I had a friend, for example, who put herself in better financial shape by leaving an administrative assistant position and working instead as a convenience store clerk down the block from her home. She no longer had commuting costs. She no longer had “professional” clothing costs. She no longer had entertaining costs or socializing costs.

Better yet, she had more time and energy for the other things she wanted to focus on in life – her music. She’s now gradually launching a business providing music lessons to children and adults in her free time, something that she deeply enjoys and something that didn’t work before when she was at her “good” job.

If you couple this idea with the other two questions presented here, you may find yourself starting to come to conclusions that lead to a different path in your life. That path leads to happiness and freedom.

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  1. Leisa says:

    Very interesting and definitely thought provoking for me. I have been wondering whether to continue doing what I do when it seems to take more out of me than I get back.

  2. MM Brown says:

    Just bought a copy of this book for $1.05 at the thrift store around the corner from me! The copy I borrowed from the library was being recalled. I’m really excited to be embarking on step two of the nine steps. Next month I’ll get to sit down and apply each of the three questions to my monthly tabulations.

  3. deRuiter says:

    The ability to prioritize spending decisions wisely is often what separates the comfortable from the poverty stricken. As a landlord I’ve seen so many times when rent was due and the tenant bought a new leather jacket, expensive motorized toy for a child, or a fancy car on payments, and then did not have that money to pay the rent. These people become resentful when eviction is started, and when they are put out on the street. They blame you as an “evil rich person” instead of saying, “If I hadn’t bought the coat, or the toy,I could have paid my rent and be living in my comfortable home.” It’s so strange that the successful are able to prioritize spending and work on long term goals while the poor are all wrapped up in short term gratification.

  4. aj says:

    People get so caught up in labels & status that they take jobs that “sound better” but are more stressful & not as profitable.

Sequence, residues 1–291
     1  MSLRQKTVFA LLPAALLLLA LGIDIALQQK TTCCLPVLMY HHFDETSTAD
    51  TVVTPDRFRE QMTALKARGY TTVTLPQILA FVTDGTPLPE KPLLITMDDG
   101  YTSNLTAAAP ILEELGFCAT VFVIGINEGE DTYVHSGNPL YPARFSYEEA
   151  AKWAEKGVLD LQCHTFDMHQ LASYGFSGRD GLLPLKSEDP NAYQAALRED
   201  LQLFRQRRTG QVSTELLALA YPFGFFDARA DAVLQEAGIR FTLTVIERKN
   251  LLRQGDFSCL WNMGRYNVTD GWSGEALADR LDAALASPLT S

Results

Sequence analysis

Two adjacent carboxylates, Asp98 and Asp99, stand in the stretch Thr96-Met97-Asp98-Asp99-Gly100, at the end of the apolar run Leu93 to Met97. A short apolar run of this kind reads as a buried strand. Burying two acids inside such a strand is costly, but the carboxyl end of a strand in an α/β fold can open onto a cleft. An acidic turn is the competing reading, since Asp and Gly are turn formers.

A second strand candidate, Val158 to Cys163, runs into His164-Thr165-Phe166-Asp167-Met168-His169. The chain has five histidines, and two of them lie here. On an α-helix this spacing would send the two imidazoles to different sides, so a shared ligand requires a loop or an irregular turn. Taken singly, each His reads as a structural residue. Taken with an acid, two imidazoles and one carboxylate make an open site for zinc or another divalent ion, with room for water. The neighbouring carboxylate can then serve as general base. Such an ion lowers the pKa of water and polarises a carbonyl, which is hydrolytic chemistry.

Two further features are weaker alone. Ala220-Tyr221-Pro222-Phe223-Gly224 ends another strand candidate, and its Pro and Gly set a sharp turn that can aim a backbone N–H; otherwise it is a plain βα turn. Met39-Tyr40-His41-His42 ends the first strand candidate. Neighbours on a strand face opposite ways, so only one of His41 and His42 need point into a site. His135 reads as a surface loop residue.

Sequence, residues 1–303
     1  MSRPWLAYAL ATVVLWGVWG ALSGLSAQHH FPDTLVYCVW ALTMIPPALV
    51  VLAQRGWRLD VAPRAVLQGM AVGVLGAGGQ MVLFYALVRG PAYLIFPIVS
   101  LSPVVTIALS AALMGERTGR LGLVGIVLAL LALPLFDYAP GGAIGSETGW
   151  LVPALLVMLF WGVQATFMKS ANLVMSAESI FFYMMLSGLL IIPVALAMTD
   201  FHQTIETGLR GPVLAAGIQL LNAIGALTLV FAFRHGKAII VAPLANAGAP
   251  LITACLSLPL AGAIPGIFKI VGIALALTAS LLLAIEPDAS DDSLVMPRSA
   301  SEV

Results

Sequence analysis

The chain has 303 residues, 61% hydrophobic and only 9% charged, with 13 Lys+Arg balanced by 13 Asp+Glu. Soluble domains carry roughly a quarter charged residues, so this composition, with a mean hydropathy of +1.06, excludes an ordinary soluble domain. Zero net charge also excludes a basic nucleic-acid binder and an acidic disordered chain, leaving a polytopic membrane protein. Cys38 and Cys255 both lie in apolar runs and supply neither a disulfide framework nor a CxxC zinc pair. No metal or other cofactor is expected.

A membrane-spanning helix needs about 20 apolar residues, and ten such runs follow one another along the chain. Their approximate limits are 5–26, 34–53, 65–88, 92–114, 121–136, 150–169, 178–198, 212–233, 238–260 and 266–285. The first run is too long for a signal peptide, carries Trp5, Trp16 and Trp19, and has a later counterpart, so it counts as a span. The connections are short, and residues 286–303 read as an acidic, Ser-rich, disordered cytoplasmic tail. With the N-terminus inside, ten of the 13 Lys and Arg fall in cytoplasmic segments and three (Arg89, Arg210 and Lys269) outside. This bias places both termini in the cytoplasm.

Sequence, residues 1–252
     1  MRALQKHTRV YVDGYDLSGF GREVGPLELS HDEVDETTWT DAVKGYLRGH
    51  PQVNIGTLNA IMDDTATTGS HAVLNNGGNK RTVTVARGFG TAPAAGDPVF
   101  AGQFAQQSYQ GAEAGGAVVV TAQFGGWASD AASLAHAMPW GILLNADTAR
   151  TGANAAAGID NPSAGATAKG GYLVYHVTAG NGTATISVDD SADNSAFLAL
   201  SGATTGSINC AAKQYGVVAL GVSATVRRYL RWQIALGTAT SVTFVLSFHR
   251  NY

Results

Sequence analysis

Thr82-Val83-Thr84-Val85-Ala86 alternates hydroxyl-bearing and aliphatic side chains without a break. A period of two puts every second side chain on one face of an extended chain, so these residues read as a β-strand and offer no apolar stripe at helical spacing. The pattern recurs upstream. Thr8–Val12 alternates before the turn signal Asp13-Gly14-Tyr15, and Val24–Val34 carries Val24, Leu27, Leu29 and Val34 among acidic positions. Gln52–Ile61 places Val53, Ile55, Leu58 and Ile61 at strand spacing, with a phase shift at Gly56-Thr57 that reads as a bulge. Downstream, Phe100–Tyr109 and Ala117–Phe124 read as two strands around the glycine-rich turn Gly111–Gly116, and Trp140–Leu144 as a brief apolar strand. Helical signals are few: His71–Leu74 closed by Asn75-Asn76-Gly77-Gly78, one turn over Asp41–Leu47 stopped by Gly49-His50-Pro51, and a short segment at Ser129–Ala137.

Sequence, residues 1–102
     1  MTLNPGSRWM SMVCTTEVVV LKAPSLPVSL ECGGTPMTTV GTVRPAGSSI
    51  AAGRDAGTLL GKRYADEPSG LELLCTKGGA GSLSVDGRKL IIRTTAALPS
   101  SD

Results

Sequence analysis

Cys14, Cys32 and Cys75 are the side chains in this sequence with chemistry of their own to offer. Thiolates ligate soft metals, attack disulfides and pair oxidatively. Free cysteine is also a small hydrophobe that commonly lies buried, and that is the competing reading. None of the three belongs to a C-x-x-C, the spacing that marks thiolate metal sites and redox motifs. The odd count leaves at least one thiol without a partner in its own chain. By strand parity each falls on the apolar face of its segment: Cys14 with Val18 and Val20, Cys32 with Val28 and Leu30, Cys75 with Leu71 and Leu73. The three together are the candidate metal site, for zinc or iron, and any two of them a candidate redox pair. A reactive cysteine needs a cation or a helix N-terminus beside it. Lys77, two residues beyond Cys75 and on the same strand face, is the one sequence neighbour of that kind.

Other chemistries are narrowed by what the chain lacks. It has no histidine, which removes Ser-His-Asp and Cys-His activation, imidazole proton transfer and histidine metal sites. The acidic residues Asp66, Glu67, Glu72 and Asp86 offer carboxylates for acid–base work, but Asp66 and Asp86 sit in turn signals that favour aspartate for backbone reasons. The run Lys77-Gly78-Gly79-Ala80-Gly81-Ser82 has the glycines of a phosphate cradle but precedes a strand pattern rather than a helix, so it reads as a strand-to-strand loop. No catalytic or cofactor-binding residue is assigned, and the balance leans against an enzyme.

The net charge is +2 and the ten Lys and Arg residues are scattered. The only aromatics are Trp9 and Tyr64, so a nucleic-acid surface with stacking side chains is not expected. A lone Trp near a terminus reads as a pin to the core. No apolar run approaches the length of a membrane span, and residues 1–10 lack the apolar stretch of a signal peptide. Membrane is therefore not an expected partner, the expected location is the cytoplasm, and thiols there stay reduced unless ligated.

I worked at McDonald’s for a long time in our small little town. The benefits were that I had uniforms provided me, and a free meal every shift (could have been healthier if I always ate the salad :)a very flexible schedule, and I didn’t have to worry/think about anything after I walked out the door. I left there more than 10 years ago after finally completing my BSBA, but I was making THEN what minimum wage is NOW because they gave good raises every 6 months. I could have left to work at one of the 2 banks in town to make less money, have more stress, and have to spend a good bit of money on my wardrobe.

    I hated the thought of working at McD’s at first but I was working my way through college and needed something that would accomodate my various schedules. I have to say I learned a lot about people & working with the public during that time. And I learned to take pride in my work no matter what it may be. That said — I am SOOOO glad I don’t have to wear a uniform & deal with food all day anymore!

  5. Tara C says:

    I really like the example about the admin assistant who left for a less prestigious job and ended up better off. I am contemplating the same thing myself.

  6. Amy Saves says:

    kudos to your friend for leaving her admin job. I did something similar and even tho I took a pay cut, I’m so much happier at my job now. Happiness is worth more than money IMO.

  7. Amy says:

    I think one of the keys of this whole thing is to stop worrying about what other people think. I am amazed at how flawed people’s thinking is, especially when it comes to work and money. People always assume that I am the big breadwinner in our household because I am a CPA and my husband works for McDonald’s. They don’t realize that each restaurant is a multi-million dollar enterprise. As a supervisor he makes much more than I do! Once you come to grips with the fact that most people have no idea what they are talking about, it becomes easier to not worry about what they think. That really frees you up to focus on what is important to YOU which leads to a much happier life.

  8. Georgia says:

    Amy, my daughter had the same experience. She was at Burger King as a regular employee for 12 years. She left there making just under or just over $11 an hour. I was talking to her about it just this year. She has a job she likes and it is not as physically demanding. But she is not making the same amount of money. She probably makes between $9-10 an hour.

    The benefits she has at this job are better, but BK also had the same type, but lesser, benefits. The only better advantage to this job is that they will foot the bill for education if it will benefit them.

    It is so strange, the odd ideas people get about different types of jobs. The big chains have to pay minimum wage and they do regular raises if you stay the course. If you need work, check the benefits and disadvantages of all the jobs you get.